I was in one of my first “real” yoga classes after years of practicing in a gym setting. It was the end of class and my teacher cued Shoulderstand, one final inversion before Savasana. I looked around the room, thought, “I can do that,” and I did. It’s only in hindsight that I know that I wasn’t yet ready for this powerful pose. Many yogis swear by Shoulderstand, but it is has also been noted as one of the riskiest yoga poses. Utilizing modifications, choosing alternatives and using the breath as a guide will help you to protect the precious and delicate bones in your neck from injury.
The path of yoga calls upon us to practice discernment (viveka in Sanskrit), both on and off the mat. We are asked to not only choose, but to choose wisely. All of our postures, from Mountain Pose to Savasana to Shoulderstand should be practiced with an open heart and a keen mind. Just because we can do something, doesn’t mean that we necessarily should.
How to Keep Your Neck Safe in Shoulderstand
Read on for 5 ways to modify Shoulderstand to gain the utmost benefit from the pose with the least risk to your neck. Remember, inversions are contraindicated for anyone with uncontrolled blood pressure or glaucoma.
1. Try a Block
Using a block is a mindful way to modify your Shoulderstand. Lie on your back with your knees bent. Settle the soles of your feet evenly into the ground. Lift your bottom and place a block (on its lowest height to begin) beneath your sacrum (the triangular space below your lower back and above your tailbone), about even with the waistband of your pants. Gently lift one leg into the air and then the next. The block should feel like it’s completely and safely supporting your lower body (the sacrum is a flat surface of fused bones). If not, bring your feet to the ground and adjust the block. Your hands can remain by your sides, with palms up if you are seeking energy and palms down if you’d like to ground and center. If the low setting of your block feels okay, you can eventually shift to the medium or high setting, taking care to monitor your upper back and neck for any pain or discomfort. As with all postures, listen to your body, lowering or removing the block as needed.
2. Go Spidey Style
The wall is often overlooked as a useful prop in yoga classes. Never be afraid to get up and move your mat to make use of this great resource. To modify Shoulderstand using the wall, channel your inner Spiderman. Come to your back with your legs up the wall. This is also a great inversion option if you’d like to stay right here. To proceed into a Shoulderstand variation, begin to walk your feet up the wall, keeping your knees bent. Release your elbows to the mat and bring your hands to your lower back for support. As you gain confidence in this pose and learn whether it’s right for your body, you can play with lifting one leg off the wall at a time. Notice that as your legs move up the wall the pressure on your neck increases. Be mindful and take your time. Sometimes the most powerful practice is in choosing the gentlest option.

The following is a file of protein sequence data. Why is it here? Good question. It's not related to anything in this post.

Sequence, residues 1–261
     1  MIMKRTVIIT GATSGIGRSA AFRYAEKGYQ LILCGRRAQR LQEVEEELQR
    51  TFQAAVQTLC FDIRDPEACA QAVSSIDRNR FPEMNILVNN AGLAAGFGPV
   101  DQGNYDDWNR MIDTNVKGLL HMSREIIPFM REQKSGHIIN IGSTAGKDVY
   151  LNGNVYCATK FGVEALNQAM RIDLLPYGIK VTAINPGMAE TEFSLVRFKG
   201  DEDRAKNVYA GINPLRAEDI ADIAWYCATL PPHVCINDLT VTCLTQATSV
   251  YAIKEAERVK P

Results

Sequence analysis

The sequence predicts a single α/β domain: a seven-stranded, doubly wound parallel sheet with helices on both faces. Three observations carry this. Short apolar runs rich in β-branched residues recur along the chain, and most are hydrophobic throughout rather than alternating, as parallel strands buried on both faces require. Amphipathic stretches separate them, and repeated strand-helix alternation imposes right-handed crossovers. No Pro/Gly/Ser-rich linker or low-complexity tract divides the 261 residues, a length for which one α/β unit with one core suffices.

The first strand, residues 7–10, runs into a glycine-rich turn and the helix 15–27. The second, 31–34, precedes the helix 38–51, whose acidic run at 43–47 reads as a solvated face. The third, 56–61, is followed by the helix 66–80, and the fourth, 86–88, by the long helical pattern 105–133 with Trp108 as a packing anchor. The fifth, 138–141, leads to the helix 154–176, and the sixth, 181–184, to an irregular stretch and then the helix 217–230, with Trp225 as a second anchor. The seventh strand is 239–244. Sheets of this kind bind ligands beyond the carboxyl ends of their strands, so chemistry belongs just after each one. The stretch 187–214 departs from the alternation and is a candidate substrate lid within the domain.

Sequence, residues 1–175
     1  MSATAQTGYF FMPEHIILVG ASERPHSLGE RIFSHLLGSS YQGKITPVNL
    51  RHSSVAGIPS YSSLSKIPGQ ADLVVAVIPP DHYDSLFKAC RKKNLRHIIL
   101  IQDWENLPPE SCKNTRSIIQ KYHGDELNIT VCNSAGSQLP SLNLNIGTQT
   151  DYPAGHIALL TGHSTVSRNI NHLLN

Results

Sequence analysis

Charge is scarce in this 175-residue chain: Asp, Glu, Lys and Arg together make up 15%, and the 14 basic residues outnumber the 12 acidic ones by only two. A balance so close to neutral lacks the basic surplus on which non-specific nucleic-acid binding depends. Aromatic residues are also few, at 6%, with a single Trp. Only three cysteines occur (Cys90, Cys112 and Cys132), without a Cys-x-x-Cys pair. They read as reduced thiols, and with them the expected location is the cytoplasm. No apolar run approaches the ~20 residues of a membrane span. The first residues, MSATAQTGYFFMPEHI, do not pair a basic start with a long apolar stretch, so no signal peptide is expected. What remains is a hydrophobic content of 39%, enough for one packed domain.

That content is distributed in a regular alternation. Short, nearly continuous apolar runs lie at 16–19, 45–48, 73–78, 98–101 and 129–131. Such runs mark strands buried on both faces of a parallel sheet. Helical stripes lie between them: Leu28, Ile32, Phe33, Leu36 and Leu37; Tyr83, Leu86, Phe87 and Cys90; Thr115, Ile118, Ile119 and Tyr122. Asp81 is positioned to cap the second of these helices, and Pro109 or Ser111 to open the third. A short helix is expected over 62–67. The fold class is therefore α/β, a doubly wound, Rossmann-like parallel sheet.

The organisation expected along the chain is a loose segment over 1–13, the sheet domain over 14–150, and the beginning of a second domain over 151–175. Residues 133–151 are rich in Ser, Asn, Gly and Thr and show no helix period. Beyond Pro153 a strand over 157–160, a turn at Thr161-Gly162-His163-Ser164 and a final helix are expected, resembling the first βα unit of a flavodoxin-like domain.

3. Soften with Blankets
Place three square-fold blankets on the ground. Lie down with your back and shoulders on the blankets, allowing your head and neck to come off the blankets to the mat below. Place your elbows beneath you and begin to draw your knees toward your chest. Allow your hands to come to your lower back for balance and support. You can play with lifting one or both legs toward the sky as you progress in this pose. The blankets will provide a cushion and decrease the intensity of your weight on your neck.
4. Be a Bug
If none of these Shoulderstand modifications work for you, bugging out can actually be a good thing. Bug pose is a safe alternative to Shoulderstand. Begin on your back with your knees bent and the soles of your feet on the ground. Lift both feet into the air, keeping your neck, back and torso on the ground. If this feels okay, lift your arms toward the sky too. I often encourage my students to make this a playful moment in their practice. Twirl your ankles. Wiggle your fingers. Bend your knees. Spread your legs into a wide straddle. Eventually, you might wish to settle into stillness and allow the power of the inversion to restore and renew you. Remain here for as long as the posture serves you.
5. Use the Breath
No matter which expression of Shoulderstand you choose, use the breath to guide your practice and to help you determine where modifications are warranted. Pain is not the only indicator that you’ve blown past your boundaries. If you lose your breath practice, that’s often a good sign that you aren’t ready for or aren’t built for that expression of the pose.
Shoulderstand is not for everyone and many teachers advise against it due to the risk of injury. Again, our jobs as students and teachers is to practice viveka, discerning what serves our highest good in body, mind and spirit.
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